SlicingDice Documentation

SlicingDice API Docs

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Data Durability

First time checking our docs? You might want to start with the right foot by reading our Documentation Guide first.

As you probably know, data durability is one of the hardest things to guarantee in databases. There are many databases that claim to be ACID, but in reality are not, just check the Jepsen test results .

Although S1Search, the database technology engine we developed is not ACID compliant, but eventually consistent, SlicingDice as the whole platform, that includes all the components we use to provide our service, guarantees all the ACID properties for your databases.

Although speed is really important for a database dealing with a huge amount of data like we do, nothing is more important than data integrity and consistency. It doesn’t really matter how fast the database can answer queries if the data is missing or corrupted and the query is answered with the wrong numbers.

Actually, for a service like SlicingDice and an Analytics Database as S1Search, where the main purpose of queries is to analyze the data, wrong or incomplete answers can lead to wrong business decisions, which can end up being really expensive and damaging.

Data durability while inserting

Every time you send an insertion request to your database, our platform (API) receives it and immediately sends it to one of our Kafka clusters. Our platform will hold the insertion request confirmation until we are able to confirm that your insertion request was correctly stored on at least three nodes (3 replicas) from at least two of our Kafka clusters, one from the same datacenter that received the insertion request and another cluster on a remote/different datacenter.

As you can check on the SlicingDice infrastructure page, we currently have three completely independent data centers from different providers in different countries that operate simultaneously in a high-availability configuration. That means that two data centers can fail and our service will continue to support data insertion and querying.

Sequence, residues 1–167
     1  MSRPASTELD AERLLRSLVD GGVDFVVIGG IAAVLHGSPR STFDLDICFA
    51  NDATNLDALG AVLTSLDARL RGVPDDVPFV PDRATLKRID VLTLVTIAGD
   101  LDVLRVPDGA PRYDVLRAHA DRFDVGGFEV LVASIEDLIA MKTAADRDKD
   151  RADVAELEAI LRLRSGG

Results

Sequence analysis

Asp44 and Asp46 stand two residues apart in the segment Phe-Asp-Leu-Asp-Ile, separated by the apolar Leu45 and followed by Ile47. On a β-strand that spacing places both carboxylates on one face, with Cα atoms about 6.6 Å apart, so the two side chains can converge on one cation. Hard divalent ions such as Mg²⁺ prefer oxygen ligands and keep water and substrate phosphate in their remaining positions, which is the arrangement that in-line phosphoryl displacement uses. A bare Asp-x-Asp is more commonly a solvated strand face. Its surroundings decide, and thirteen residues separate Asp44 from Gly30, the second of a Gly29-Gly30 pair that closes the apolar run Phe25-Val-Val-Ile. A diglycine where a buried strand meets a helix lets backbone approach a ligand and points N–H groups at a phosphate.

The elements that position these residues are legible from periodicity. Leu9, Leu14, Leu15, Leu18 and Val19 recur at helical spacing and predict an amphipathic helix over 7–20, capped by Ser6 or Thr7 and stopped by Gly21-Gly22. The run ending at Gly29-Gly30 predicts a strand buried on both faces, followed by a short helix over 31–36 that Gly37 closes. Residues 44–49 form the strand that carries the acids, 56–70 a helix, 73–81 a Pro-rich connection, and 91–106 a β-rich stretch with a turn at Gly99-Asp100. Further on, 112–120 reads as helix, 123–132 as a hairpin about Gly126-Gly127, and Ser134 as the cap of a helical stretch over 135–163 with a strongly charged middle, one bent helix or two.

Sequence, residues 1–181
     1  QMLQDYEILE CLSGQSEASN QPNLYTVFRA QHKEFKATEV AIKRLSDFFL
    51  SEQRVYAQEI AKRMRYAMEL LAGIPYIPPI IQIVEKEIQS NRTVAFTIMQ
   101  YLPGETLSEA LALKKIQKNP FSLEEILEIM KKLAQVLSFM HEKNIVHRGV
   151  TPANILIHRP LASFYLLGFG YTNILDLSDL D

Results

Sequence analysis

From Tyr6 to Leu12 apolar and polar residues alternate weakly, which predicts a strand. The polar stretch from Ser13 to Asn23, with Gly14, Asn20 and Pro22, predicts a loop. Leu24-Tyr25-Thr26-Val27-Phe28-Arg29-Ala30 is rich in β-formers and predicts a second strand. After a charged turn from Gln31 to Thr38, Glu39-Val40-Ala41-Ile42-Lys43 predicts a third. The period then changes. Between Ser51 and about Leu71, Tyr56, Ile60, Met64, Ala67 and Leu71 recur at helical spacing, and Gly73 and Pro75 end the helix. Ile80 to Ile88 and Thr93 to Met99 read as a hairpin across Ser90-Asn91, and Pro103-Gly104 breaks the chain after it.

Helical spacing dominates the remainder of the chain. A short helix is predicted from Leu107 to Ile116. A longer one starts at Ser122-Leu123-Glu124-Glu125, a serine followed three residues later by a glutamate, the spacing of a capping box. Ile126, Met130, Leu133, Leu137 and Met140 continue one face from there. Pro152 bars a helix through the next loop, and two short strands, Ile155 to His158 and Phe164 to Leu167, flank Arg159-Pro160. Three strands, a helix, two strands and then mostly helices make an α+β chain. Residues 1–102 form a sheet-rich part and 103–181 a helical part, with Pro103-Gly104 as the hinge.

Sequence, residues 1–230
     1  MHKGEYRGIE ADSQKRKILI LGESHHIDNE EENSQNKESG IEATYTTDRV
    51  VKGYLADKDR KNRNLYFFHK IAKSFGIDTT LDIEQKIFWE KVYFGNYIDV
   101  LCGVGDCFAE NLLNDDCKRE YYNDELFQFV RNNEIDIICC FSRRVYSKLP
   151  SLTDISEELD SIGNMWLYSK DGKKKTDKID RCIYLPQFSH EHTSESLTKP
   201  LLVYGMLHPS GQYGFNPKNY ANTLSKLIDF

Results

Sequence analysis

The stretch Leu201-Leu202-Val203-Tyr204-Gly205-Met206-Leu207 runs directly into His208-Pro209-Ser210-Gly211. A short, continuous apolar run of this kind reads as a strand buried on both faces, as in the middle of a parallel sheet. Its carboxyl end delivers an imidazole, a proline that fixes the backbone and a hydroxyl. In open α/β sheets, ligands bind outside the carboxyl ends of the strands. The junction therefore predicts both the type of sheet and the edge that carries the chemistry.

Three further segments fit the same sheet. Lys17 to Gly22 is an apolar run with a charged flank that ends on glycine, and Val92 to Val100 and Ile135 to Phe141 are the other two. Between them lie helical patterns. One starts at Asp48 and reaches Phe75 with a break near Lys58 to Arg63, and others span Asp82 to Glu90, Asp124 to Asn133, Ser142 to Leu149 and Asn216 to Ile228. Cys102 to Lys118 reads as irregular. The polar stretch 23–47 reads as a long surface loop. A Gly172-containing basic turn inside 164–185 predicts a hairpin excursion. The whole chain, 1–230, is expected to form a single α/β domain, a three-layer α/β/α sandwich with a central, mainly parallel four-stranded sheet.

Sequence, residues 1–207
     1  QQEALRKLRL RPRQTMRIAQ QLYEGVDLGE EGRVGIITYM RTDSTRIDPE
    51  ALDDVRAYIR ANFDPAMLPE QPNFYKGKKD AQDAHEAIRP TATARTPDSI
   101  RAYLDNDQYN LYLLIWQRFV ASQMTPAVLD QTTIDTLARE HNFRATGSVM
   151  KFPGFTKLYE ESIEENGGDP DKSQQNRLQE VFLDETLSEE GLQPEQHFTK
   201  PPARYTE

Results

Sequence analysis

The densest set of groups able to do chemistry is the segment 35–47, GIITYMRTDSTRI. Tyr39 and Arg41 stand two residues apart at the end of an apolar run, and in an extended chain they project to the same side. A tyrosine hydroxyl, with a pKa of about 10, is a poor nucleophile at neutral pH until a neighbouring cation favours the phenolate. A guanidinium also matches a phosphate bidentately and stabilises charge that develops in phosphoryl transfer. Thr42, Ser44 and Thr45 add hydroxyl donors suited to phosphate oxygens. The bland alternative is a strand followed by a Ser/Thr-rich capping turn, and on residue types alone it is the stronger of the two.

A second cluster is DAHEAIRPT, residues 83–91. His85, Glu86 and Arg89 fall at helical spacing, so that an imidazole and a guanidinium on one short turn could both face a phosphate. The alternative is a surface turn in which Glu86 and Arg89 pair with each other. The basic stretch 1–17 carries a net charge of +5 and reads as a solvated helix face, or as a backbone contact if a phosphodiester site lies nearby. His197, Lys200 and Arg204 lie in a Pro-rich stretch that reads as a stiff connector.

Because of that, in order for SlicingDice to lose your data, all our three data centers would need to be completely offline.

Data durability at rest

Once your insertion was correctly inserted on one of the S1Search nodes, your data is automatically replicated to more two nodes, located on the other two datacenters.

As you can check in the data backup page, we constantly perform remote backups of all data stored on SlicingDice, so in a event of major hardware failures affecting all our datacenters, we can still recover our customer's data.

Data durability while modifying

Unfortunately, data and database corruption are very common while moving or modifying it, for all types of databases and technology providers. But this is not acceptable for us.

SlicingDice’s and S1Search’s code coverage are higher than 98% and we take it very seriously in our development process. However we all know that unit tests and code coverage won’t be enough to get rid of integrity and consistency issues, specially considering a complex, parallel, concurrent and multithreaded system like a database.

We had to had a way of feeling confident on what we were building, so we decided to take a radical approach: build a database testing framework to be used as the source of truth when validating our system.

Remember that S1Search was build to perform analytical queries, so we don’t know in advance what our customer’s queries will look like. For example:

  • How many columns they would use in a query.